The government's key architectural adviser Lord Rogers has revealed plans to create a powerful urban lobby group which will rank alongside high-profile environmental campaigners such as Greenpeace and Friends of the Earth.
Following his attack on the government's failure to implement a clutch of key proposals in the long-awaited Urban White Paper (see page 20), Lord Rogers told the AJ he wants to step up the pressure on Labour 'to move faster and further'and create an independent organisation that will 'bang on the doors of ministers and city authorities'.
'I am fascinated by how successful the green lobby is, but we don't have an urban lobby to match, 'he said.'There are enough of us who live in cities and we need to be heard.'
He said that the organisation would extend the influence of the urban lobby beyond Whitehall, where the Commission for Architecture and the Built Environment has already had considerable success.
However, Lord Rogers is afraid that improvements in the urban realm could easily be sidelined if other issues force their way onto the government's agenda. He wants prime minister Tony Blair to create a new cabinet post of minister for urban affairs, against whom every policy would be tested for whether it helps cities or not.The campaign group would lobby for this new legislation in the form of an urban bill and other local issues as they affect different towns and cities.
Lord Rogers himself will not lead the campaign group as he is retreating from the national political scene to concentrate on London in his role as a cabinet member in Ken Livingstone's Greater London Authority.
'I'd like to think someone creative would lead it.We need visions rather than management, ' he said.'I can't keep the pressure up on my own.'Lord Rogers was expected to discuss the proposals with his former Urban Task Force (UTF) colleagues at a meeting this week.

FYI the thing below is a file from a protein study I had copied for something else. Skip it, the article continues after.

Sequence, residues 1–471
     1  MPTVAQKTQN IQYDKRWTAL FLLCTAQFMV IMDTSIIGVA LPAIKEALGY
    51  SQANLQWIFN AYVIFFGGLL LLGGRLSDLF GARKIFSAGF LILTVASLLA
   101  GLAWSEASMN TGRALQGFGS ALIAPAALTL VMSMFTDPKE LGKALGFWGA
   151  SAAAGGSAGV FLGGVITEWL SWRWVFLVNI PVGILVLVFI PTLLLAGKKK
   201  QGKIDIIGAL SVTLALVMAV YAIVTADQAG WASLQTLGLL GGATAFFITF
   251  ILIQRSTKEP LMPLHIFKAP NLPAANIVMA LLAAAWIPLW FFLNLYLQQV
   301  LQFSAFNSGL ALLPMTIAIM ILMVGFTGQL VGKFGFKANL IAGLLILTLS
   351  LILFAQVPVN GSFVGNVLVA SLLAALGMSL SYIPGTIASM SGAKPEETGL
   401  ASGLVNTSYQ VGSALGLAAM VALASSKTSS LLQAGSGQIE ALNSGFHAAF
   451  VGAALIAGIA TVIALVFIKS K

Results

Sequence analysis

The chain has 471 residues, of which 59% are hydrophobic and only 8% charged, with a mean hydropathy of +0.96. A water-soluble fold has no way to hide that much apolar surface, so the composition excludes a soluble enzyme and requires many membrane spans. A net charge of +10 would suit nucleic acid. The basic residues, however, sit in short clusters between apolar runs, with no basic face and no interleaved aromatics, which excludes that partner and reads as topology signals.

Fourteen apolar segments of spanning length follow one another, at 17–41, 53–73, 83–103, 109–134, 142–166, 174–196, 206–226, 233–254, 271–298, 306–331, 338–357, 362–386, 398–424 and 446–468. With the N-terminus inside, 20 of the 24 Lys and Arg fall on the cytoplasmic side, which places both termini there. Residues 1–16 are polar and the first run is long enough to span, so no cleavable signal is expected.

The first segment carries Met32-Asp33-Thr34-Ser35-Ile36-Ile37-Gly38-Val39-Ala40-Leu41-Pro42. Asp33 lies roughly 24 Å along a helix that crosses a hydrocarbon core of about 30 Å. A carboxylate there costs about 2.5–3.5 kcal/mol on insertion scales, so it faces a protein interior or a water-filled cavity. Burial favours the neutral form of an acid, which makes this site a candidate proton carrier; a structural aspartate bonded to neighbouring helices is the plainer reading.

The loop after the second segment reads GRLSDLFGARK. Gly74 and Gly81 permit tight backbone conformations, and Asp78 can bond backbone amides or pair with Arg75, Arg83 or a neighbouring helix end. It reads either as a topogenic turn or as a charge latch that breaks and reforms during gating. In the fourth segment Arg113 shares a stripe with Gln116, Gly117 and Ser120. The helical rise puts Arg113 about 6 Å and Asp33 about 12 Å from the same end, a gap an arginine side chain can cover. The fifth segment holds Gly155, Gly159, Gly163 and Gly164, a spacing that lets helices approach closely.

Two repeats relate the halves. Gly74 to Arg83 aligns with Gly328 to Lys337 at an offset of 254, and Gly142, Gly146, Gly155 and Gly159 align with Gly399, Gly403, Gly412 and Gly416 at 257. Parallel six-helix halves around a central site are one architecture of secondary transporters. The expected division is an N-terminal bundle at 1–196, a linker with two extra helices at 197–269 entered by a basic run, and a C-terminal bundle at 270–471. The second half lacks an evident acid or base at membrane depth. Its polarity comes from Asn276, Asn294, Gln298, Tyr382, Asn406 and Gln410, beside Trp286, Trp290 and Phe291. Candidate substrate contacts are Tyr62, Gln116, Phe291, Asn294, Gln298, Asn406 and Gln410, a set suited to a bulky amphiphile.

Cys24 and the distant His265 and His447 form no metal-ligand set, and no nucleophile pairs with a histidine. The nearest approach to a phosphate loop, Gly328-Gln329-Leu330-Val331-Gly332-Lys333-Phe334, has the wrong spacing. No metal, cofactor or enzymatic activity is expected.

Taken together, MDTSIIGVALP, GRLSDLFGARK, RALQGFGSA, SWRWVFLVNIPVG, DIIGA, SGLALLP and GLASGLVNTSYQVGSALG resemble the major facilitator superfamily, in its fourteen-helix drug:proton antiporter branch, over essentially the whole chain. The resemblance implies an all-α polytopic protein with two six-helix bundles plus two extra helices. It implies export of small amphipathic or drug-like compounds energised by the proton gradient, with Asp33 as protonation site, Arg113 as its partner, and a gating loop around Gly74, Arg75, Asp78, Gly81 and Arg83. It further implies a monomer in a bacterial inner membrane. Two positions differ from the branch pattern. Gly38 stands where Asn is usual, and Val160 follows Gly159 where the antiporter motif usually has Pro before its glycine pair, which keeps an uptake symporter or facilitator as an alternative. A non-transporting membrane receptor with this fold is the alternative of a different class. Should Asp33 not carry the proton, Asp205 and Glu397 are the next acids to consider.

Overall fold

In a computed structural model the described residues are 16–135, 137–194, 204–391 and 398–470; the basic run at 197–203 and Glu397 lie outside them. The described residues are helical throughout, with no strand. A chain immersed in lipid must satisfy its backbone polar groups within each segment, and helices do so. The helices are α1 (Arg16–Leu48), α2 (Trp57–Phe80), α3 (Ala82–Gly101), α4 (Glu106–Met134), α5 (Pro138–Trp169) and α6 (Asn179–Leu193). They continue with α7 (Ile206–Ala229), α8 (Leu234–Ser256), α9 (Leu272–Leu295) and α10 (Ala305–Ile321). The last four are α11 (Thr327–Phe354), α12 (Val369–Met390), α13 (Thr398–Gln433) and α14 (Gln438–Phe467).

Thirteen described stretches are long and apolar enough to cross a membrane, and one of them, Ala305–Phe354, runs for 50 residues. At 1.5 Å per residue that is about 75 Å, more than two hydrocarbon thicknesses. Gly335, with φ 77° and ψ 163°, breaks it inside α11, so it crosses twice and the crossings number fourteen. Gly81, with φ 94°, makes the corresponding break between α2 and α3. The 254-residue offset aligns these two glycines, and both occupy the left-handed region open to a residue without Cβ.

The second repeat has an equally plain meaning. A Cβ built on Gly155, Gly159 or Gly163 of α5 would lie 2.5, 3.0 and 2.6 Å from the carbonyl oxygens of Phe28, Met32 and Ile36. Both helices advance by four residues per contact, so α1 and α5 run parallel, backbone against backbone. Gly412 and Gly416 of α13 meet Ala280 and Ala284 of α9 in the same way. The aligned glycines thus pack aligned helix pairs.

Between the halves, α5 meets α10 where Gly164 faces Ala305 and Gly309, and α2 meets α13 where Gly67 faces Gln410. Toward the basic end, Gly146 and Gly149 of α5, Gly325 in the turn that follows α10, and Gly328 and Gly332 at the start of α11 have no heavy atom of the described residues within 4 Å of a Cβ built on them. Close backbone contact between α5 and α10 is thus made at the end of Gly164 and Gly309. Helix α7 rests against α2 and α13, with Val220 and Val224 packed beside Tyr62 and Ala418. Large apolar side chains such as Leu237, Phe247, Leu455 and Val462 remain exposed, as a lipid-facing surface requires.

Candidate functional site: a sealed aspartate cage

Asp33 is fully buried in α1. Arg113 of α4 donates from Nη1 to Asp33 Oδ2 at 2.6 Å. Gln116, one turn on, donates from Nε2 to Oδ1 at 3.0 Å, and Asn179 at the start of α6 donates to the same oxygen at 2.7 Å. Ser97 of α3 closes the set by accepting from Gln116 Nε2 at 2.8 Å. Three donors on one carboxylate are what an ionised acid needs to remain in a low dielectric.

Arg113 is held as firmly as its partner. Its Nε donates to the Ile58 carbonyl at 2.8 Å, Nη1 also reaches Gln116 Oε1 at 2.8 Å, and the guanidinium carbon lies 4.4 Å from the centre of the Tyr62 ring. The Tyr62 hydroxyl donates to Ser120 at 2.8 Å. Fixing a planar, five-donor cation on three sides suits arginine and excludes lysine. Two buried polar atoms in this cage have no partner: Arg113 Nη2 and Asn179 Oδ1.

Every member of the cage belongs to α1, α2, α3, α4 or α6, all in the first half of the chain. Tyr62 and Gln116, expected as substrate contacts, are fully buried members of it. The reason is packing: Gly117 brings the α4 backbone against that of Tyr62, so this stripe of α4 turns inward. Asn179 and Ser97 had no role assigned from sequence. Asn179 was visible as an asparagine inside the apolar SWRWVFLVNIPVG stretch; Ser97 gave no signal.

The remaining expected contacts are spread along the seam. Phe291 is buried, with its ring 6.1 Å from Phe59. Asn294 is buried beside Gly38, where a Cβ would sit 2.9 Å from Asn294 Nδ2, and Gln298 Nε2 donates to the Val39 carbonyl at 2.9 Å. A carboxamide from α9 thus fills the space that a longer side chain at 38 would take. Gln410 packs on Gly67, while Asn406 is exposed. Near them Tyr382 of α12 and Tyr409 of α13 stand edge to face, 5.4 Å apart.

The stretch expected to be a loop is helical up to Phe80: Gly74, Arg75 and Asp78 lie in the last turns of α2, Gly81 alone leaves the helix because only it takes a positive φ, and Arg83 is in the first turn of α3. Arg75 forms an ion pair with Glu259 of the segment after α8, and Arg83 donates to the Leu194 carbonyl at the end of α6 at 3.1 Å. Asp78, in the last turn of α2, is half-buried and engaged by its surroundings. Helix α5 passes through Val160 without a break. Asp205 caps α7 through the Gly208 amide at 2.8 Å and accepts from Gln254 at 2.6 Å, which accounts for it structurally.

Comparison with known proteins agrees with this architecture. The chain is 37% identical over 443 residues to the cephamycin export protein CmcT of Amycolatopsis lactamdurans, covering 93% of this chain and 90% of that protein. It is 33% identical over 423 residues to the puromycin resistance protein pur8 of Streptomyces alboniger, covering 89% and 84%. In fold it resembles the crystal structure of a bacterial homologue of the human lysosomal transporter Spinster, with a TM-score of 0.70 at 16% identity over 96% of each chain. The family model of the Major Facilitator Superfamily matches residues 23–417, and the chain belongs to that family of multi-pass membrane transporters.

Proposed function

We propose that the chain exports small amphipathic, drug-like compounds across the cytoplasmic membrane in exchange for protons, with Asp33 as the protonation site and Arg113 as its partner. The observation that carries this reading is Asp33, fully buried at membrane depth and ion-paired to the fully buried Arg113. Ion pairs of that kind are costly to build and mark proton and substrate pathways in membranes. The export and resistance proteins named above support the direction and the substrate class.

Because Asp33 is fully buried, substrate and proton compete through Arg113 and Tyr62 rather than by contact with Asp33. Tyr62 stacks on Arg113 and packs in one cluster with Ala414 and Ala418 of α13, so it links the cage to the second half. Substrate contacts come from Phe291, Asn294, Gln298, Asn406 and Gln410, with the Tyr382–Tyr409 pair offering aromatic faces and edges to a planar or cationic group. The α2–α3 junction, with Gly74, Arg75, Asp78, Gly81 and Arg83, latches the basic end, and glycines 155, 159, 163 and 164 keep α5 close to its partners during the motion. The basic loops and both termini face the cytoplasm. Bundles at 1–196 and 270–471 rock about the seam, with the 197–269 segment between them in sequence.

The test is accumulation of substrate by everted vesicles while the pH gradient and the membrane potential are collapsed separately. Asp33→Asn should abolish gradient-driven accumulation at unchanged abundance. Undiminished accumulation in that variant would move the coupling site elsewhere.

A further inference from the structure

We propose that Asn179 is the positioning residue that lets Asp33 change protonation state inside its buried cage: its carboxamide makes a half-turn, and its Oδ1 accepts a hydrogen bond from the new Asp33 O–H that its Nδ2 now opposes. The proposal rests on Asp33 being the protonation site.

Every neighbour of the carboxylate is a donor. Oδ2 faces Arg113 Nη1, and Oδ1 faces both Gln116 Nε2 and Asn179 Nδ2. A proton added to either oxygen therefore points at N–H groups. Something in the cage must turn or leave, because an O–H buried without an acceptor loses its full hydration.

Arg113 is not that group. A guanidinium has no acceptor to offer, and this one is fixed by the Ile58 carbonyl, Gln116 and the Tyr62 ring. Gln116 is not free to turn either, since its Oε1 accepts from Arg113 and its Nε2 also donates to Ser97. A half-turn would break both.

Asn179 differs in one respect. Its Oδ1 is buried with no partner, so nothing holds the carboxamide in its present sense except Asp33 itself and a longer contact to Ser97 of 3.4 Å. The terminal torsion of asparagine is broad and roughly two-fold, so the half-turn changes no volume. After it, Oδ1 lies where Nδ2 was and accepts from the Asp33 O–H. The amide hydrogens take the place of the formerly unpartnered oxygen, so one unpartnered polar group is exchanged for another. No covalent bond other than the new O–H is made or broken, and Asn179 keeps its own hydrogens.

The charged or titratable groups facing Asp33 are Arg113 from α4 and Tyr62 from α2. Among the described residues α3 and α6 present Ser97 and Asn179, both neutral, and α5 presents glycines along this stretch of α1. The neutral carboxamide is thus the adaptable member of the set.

Chairman of the Urban Design Alliance Brian Raggett welcomed the idea and even suggested a name for it - FORCE, which could stand for Friends of Regeneration for City Environments.
'The urban environment could capture the imagination in the same way as green issues, ' he said. 'It is something which needs a national identity, but would be better led by regional players making sure that there is appropriate civic leadership on regeneration.'
He proposed former environment secretary John Gummer or Michael Heseltine as potential leaders of a body, which would encompass the general public, big business, local authorities and groups such as English Heritage.
Lord Rogers suggested that former members of the UTF could help to develop the organisation.
Meanwhile, Lord Rogers reiterated his intent to implement as many of the UTF proposals in London as possible.
He said: 'I will look at the morphology of London in terms of height and width of buildings, but I also want to see a square in every neighbourhood and a bench in every neighbourhood. One of the primary reasons that Ken approached me was that he wanted to put the UTF approach into action through the GLA.'